- See if we can leverage existing IETF support for some things, such as the Security Directorate and Apps Review team. I've no idea how they'd react to being asked to review XEPs instead of Internet Drafts, but I'm sure it's worth trying to get broader expert review.
Why I'm standing
If there's a pattern to my standardization work, it's that a considerable amount of my work goes into enabling communication. Internet Mail is about - fundamentally - people talking to each other. ACAP is about making that easier, as well as helping people share information between each other. The stuff I used to do with the old telnet BBSs was, again, directly about letting people talk to each other. I personally think it's the single most important aspect of the Internet - all this web stuff just fails to excite me at all.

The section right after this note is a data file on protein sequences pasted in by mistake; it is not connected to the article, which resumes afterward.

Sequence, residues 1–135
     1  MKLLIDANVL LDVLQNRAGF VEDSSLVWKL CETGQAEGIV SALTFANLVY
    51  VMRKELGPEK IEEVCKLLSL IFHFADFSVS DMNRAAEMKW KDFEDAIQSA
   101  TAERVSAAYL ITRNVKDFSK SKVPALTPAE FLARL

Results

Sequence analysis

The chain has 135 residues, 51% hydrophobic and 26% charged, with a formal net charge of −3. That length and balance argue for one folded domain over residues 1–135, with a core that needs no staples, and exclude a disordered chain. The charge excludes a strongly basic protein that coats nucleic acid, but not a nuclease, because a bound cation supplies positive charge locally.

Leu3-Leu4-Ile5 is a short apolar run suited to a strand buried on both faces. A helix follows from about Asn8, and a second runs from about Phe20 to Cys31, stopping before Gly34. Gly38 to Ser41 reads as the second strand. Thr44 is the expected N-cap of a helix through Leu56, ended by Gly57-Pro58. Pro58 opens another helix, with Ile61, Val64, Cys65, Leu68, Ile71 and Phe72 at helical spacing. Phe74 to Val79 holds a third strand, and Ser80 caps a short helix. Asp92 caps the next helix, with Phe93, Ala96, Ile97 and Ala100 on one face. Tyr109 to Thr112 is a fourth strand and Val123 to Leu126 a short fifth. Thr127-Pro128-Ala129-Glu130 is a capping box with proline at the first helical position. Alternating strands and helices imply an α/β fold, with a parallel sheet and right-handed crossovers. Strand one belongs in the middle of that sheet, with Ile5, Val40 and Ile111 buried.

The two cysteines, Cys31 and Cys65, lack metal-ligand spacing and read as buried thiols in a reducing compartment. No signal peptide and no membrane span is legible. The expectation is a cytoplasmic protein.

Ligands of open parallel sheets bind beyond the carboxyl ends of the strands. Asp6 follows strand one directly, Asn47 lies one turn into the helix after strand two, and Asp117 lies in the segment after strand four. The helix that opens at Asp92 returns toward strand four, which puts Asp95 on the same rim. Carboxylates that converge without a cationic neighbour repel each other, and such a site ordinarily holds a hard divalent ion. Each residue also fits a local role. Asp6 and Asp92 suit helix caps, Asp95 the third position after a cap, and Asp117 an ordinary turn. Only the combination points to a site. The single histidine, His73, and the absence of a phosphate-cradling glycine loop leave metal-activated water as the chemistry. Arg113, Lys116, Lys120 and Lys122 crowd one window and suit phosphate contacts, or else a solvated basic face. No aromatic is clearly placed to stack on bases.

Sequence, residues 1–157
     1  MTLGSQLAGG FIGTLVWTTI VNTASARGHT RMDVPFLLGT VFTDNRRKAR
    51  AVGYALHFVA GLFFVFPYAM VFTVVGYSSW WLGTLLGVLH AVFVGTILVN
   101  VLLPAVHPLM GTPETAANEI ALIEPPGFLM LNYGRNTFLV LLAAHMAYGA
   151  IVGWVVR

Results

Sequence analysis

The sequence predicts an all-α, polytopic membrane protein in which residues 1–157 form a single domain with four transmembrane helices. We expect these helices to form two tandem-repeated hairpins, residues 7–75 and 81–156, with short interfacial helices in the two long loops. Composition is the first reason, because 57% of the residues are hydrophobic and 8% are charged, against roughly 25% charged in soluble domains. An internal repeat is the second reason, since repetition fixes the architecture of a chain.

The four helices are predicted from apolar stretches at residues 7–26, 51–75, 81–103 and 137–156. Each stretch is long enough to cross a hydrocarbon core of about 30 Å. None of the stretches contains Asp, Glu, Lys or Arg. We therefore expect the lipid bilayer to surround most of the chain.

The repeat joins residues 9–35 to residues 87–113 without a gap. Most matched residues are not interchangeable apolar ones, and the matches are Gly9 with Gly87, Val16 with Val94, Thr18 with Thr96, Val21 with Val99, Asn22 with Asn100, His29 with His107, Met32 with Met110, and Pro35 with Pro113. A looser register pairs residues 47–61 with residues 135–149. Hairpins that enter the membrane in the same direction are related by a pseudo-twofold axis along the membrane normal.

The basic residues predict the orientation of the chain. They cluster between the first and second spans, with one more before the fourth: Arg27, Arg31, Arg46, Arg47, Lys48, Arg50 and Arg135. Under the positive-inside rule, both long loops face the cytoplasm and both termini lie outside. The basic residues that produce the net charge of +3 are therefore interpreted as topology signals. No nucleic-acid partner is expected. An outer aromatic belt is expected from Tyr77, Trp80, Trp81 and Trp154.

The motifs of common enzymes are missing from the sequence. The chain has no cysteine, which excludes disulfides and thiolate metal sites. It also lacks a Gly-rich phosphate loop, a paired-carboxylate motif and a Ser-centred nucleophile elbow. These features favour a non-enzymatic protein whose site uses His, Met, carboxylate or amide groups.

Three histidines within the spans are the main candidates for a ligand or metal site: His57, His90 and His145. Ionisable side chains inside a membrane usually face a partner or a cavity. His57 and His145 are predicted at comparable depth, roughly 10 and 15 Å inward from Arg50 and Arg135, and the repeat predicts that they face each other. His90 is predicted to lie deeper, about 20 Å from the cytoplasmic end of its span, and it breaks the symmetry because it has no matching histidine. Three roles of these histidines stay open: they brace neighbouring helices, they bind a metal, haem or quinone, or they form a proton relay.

Standardization - particularly open standards - interest me because they're more secure (for a number of reasons) and lower barriers to entry - this makes it better and more accessible to the end user.
XMPP in particular interests me because it's another communication medium, one that's increasingly important - and rightfully so. I use it daily, for talking with my mother, my brother, work colleagues, friends, and IETF contacts. It's a vital protocol to me on a personal basis, as well as being a core part of my employer's strategy.
By standing for Council with the backing of my employer, I get to spend a considerable amount of time working on XMPP standardization that otherwise I'd have to do in my spare time - and being married and a father of two, there's other demands there.
In short, I have strong personal and professional reasons to want to benefit XMPP, I think I can provide clear benefits, and I think the best way of doing so is by becoming a Council member.
I'm hoping you agree.